Yes, SPACs have gone from a fringe to a market driver… 248 SPACs in 2020 alone, 200 in the beginning of 2021!

And yes, there are questions on whether this mad rush of cash into SPACs signals a peak of a bubble. SeekingAlpha tears down some of the negatives.

But under this SPAC-mania there is an underlying theme which could become very interesting for those companies building the technologies that could help save the planet.

According to Cleantech Group, “In 2020, we counted 30 transactions where a cleantech-relevant target was announced, 15 of whom went on to complete the transaction by year end.”

“Of the 15 SPACs who completed in 2020, their business combination including the listing of the new entity, they achieved an average enterprise value of approximately $2 billion and raised an average of $487 million in cash to fund future growth plans.” And yes the majority of those were EVs, batteries and LIDAR.

And this made me think about the potential role that SPACs could play in the evolution and scaling of Climate Tech.

So, technical risk, requiring large amounts of funding, which, if it works could have a positive impact for humanity… which made me thing of Biotech. As a Biotech investor friend taught me, Biotech IPOs are a fundraising milestone not a liquidity milestone. Biotech companies require large amounts of funding to continue pushing the science through the clinical approval funnel. The market accepts the technical risk and the underlying story on the positive future impact of the technology is implied (“cure cancer”, “prevent diabetes”…). The data below shows how much technical risk some of these companies are still holding when going public with 27 of the IPOs in 2020 being at the preclinical or Phase 1 stage and 60% of them raising > $150m.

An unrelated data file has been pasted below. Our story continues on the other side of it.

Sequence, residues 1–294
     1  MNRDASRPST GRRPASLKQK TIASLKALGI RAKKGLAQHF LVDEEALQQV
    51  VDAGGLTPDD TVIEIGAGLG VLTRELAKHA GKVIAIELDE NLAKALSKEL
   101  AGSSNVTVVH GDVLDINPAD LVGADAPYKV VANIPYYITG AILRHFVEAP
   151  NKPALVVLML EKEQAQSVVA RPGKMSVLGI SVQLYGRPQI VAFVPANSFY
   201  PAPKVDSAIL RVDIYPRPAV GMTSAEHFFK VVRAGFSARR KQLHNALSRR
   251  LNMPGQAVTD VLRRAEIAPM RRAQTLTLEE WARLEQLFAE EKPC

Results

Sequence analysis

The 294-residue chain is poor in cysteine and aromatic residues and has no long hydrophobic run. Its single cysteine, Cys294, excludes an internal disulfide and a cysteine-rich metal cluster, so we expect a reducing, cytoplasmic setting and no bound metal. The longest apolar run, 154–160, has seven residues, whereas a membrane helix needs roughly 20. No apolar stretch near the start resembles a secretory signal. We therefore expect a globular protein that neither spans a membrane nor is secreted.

So what if Climate Tech could leverage SPACs as a a fundraising event rather than a liquidity event in which investors were willing to accept technical risk, require to be sold on the future vision, and provide a path to market for technologies that might require longer to scale than a traditional venture fund cycle’s 10-year period.

But to be clear, there will certainly be scars along the way. Some of these UnSPACed companies (because when you go public via a SPAC you are actually unSPACing) do not yet have the processes, tools or experience to survive the quarterly pressure of public market scrutiny… but I for one am hopeful that this could become another potential funding path for many of the various levers we need to pull concurrently to set us on the right path.

Partner at @2150-vc backing technologies that make our world more resilient and sustainable. Salvadoran-born Londoner. YGL of the @wef Father ^3

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